As some of you probably know, I’m based in Kampala for the summer. If you’re around, or have tips about things I might want to go poke my nose into, please get in touch via the blog email address.
And speaking of poking my nose into things: Last weekend I went with Siena Anstis and TMS (Teddy) Ruge of Project Diaspora to visit the Women of Kireka, a jewelery-making business owned by a group of women living in the Acholi Quarters outside of Kampala (background here).
The situation in the Acholi Quarters is rough -tens of thousands of internally displaced persons (IDPs) from the north inhabit slums on the side of a hill in Kireka. They support themselves by working in the local quarry (pictured at right), carving out rocks and crushing them into gravel. This is a grueling and dangerous line of work.
The quarry has been the subject of a number of press reports (see, e.g., Glenna Gordon’s excellent reporting on Stephen Batte, the “Ugandan orphan with a web presence“). However, the attention has not yielded an improvement in the lot of the people living there. Their plight exemplifies a broader problem of urban IDPs being left out of official resettlement and humanitarian aid efforts. As this 2008 bulletin by the Refugee Law Project makes clear, while rural IDPs (those living in camps) are the target of significant assistance, urban IDPs’ low visibility often means they “slip through the cracks.”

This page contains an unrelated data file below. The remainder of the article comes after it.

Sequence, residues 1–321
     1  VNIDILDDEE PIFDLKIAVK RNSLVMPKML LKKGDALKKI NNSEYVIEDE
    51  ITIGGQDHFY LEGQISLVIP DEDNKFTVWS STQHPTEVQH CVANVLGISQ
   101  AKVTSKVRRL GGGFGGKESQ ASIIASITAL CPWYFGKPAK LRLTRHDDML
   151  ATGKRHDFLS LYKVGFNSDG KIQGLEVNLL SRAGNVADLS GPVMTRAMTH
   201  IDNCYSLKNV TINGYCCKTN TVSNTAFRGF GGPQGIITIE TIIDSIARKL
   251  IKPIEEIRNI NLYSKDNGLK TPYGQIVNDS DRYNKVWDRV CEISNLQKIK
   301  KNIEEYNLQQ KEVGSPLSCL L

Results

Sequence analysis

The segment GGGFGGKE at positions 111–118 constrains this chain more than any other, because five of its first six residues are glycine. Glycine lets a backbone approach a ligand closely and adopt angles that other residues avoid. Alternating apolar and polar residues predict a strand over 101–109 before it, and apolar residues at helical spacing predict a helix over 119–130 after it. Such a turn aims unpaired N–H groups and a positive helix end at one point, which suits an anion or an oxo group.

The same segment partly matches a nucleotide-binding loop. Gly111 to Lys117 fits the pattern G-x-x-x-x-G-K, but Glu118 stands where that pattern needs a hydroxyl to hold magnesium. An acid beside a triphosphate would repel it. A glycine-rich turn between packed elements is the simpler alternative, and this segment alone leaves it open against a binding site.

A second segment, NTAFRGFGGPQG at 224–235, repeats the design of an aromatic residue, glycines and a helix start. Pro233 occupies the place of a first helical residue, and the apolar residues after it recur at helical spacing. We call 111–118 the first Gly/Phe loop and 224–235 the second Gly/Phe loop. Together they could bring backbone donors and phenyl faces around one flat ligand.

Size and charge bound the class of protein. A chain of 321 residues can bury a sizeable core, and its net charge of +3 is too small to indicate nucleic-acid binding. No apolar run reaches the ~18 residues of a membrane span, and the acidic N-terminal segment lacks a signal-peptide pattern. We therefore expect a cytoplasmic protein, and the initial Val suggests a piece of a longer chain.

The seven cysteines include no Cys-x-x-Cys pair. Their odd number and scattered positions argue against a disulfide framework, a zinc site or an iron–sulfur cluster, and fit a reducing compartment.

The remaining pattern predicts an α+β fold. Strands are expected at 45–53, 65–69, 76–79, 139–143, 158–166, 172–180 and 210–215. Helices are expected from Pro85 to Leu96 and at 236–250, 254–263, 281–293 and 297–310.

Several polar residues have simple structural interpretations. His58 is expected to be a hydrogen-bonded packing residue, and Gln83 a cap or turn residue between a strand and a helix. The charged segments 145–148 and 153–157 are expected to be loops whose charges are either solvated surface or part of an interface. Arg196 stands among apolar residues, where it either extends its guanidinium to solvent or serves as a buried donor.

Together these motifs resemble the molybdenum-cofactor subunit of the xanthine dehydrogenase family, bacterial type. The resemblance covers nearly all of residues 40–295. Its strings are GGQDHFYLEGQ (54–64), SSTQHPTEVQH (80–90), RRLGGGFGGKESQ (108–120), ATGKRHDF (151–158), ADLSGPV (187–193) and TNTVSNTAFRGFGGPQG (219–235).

Founded by Siena, and advised by Project Diaspora, the Women of Kireka project is an effort to provide a sustainable means for the women to support themselves and their children outside of the quarry. The women make beaded jewelry out of found paper, the partners help them with marketing and sales, and they use the proceeds to reinvest in the business and pay for their children’s school fees. Below are some of their completed products. (Note: One of the women showed me how they make the beads – not an easy process!)
You might be thinking to yourself: “What a great idea! Why aren’t there more projects like this?” There are a number of them, but, as Teddy explained, handouts are still the default because it’s far more difficult to secure funding for an entrepreneurial enterprise than a charity. In other words, if you want to pay school fees for IDP children, great, register yourself an NGO and you shouldn’t have too much trouble convincing donors to fund you. But if you want to help the mothers of those IDP children form a business that will enable them to pay their children’s school fees themselves, well, good luck.
Unsurprisingly, this incentive structure produces way more local NGOs than local businesses, a scenario that is ultimately not self-sustaining. To quote the mission statement
of Teddy’s organization: “Africa’s development can not continue to depend on international NGO programs and developmental aid, powered by global sympathy.” Indeed.